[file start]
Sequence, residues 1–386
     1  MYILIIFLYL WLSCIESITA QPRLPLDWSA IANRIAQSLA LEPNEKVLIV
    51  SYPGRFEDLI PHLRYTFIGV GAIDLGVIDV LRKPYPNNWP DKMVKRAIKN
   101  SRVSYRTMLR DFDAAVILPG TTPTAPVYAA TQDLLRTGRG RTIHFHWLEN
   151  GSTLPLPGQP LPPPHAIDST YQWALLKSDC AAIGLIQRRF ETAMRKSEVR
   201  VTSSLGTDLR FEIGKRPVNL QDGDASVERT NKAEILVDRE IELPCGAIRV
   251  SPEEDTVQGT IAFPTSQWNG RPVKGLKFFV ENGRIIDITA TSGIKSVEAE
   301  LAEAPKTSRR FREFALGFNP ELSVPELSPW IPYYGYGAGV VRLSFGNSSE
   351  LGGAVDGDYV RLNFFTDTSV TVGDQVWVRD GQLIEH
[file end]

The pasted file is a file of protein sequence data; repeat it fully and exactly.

Sequence, residues 1–386
     1  MYILIIFLYL WLSCIESITA QPRLPLDWSA IANRIAQSLA LEPNEKVLIV
    51  SYPGRFEDLI PHLRYTFIGV GAIDLGVIDV LRKPYPNNWP DKMVKRAIKN
   101  SRVSYRTMLR DFDAAVILPG TTPTAPVYAA TQDLLRTGRG RTIHFHWLEN
   151  GSTLPLPGQP LPPPHAIDST YQWALLKSDC AAIGLIQRRF ETAMRKSEVR
   201  VTSSLGTDLR FEIGKRPVNL QDGDASVERT NKAEILVDRE IELPCGAIRV
   251  SPEEDTVQGT IAFPTSQWNG RPVKGLKFFV ENGRIIDITA TSGIKSVEAE
   301  LAEAPKTSRR FREFALGFNP ELSVPELSPW IPYYGYGAGV VRLSFGNSSE
   351  LGGAVDGDYV RLNFFTDTSV TVGDQVWVRD GQLIEH